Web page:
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For bass, AT LEAST 150 to get some degree of audibility, at least 200 to sound decent.
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Join date: Sep 2006
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15 watt for guitar, and about 30 watt for a bass works for rehearsals. My rhythm guitarist has a crappy fender frontman, and a few pedals, and on about 7 or 8 is perfect for practice.
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Join date: Apr 2008
117 IQ
I play a Dean bass and have a Kustom amp that is 65watt and I had it about 3/4 of the way and it was sounding very nice over the drums. Our Guitarist uses an epiphone Les Paul and a solid state 30watt Line6 amp which was holding pretty well but a 50watt would proboly be a safe bet if ya dont wanna blow the speakers. If you play a decent place live yu can always mic up the amps as well.
Last edited by WhyteChocl8 at Apr 28, 2008,
silent bob
Join date: Apr 2007
48 IQ
I've done some small gigs with my Roland Cube 60, and i've had to put it up to 1/2 volume and its been loud enough to be heard over my really damn loud drummer. For bass, you'll need at least 100 watts, especially for gigs.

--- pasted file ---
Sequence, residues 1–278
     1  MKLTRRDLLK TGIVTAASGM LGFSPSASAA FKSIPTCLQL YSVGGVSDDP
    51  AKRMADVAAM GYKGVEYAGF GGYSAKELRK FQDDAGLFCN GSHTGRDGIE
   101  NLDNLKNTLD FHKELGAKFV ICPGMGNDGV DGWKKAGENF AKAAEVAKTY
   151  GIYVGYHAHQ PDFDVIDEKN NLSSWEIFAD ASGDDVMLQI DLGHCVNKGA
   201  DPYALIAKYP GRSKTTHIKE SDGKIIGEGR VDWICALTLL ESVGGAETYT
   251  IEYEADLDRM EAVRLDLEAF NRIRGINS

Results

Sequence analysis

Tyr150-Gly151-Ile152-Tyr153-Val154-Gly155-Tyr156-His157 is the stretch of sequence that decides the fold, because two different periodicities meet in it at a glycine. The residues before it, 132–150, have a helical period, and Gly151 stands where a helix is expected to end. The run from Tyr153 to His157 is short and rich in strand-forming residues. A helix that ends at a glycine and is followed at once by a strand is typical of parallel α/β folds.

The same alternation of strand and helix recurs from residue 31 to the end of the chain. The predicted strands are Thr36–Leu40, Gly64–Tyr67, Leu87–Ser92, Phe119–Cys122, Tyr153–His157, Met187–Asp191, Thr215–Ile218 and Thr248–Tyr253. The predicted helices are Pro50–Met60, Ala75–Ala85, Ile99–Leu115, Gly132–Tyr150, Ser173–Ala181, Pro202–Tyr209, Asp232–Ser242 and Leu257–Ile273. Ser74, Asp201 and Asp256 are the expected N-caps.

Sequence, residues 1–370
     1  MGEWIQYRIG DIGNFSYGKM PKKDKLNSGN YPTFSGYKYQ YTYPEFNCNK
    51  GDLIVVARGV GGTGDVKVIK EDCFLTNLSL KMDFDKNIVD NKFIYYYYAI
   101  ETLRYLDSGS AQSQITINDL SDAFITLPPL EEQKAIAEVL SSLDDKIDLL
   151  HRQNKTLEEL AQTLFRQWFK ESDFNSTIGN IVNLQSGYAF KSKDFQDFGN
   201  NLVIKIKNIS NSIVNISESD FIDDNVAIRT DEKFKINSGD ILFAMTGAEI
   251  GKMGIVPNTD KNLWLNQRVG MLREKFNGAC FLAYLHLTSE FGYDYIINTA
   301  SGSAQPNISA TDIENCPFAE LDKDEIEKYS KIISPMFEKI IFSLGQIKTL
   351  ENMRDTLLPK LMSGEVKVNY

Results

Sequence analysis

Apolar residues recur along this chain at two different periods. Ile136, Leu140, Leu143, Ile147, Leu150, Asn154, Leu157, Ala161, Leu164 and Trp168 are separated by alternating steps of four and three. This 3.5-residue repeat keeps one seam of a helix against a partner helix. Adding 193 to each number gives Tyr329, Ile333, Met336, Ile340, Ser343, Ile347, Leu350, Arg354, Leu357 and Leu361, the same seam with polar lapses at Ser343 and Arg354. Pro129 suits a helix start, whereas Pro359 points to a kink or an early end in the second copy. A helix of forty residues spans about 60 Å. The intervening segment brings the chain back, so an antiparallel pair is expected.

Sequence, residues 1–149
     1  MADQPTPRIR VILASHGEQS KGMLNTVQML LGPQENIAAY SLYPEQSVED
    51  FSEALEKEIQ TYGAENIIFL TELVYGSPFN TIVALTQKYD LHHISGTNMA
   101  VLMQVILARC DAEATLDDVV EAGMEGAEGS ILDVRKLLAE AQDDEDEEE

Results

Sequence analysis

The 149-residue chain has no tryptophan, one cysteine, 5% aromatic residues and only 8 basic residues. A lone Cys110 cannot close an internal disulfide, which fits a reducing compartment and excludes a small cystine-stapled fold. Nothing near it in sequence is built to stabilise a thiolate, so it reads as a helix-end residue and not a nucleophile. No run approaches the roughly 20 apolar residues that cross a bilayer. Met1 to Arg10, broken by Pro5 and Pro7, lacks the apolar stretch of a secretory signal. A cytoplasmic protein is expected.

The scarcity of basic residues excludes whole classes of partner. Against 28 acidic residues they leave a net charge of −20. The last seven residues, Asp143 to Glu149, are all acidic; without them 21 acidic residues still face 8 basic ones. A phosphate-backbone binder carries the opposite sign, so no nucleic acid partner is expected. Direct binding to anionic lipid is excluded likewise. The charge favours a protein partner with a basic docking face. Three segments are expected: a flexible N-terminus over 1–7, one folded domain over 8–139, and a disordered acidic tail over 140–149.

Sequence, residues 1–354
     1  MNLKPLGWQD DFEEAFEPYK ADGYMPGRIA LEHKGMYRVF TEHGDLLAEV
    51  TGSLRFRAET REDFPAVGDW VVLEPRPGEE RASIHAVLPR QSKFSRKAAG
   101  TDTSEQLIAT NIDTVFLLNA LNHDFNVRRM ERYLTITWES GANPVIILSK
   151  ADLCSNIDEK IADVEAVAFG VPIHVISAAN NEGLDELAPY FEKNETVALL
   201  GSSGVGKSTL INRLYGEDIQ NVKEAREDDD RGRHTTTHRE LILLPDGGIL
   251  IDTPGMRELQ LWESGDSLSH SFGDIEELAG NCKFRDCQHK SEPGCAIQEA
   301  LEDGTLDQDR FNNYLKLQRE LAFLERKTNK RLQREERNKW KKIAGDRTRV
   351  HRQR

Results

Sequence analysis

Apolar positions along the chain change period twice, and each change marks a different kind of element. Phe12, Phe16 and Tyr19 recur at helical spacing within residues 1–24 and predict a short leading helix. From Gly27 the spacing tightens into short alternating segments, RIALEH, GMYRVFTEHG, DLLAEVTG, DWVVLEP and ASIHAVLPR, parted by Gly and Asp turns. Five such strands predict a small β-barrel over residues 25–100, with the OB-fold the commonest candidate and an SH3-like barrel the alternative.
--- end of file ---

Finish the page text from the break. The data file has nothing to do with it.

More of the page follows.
Bassist Ordinaire
Join date: May 2007
673 IQ
The bass is going to need alot more watts than you'd think. About 4 times the amount of the guitarist to have equivalent volume and not distort. You may be able to get by with 100 watts for really small gigs and a light-handed drummer, but you'll want 200+ for anything else.
chikin pickle
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Join date: Mar 2008
43 IQ
It really depends on room size, types of speakers you have in your amps, how hard your drummer plays etc. I've played with a drummer using a 20 watt roland amp and could hear myself fine. But I would suggest aroung 75-120 solid state if you want to keep your clean channel clean, either 2x12 combo or halfstack. Anything over a halfstack is sonic overkill.

And to blowing speakers guy, if you have good speakers with the correct power rating they shouldn't blow.
Registered User
Join date: Dec 2007
345 IQ
i have a 50 watt tube amp. When i play at a show in a room about the size of a gymnasium, i turn it up to about 4. VERY LOUD AMP! also great tone. tube amps are the way to go. My drummer also plays extremely loud and i usually only need 3 but for solos my solo button is set to 4
Archeo Avis
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Join date: May 2006
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Wattage does not measure volume. More important is the skill of your drummer (that is to say, how many ways he can hit the drums besides "really ****ing hard")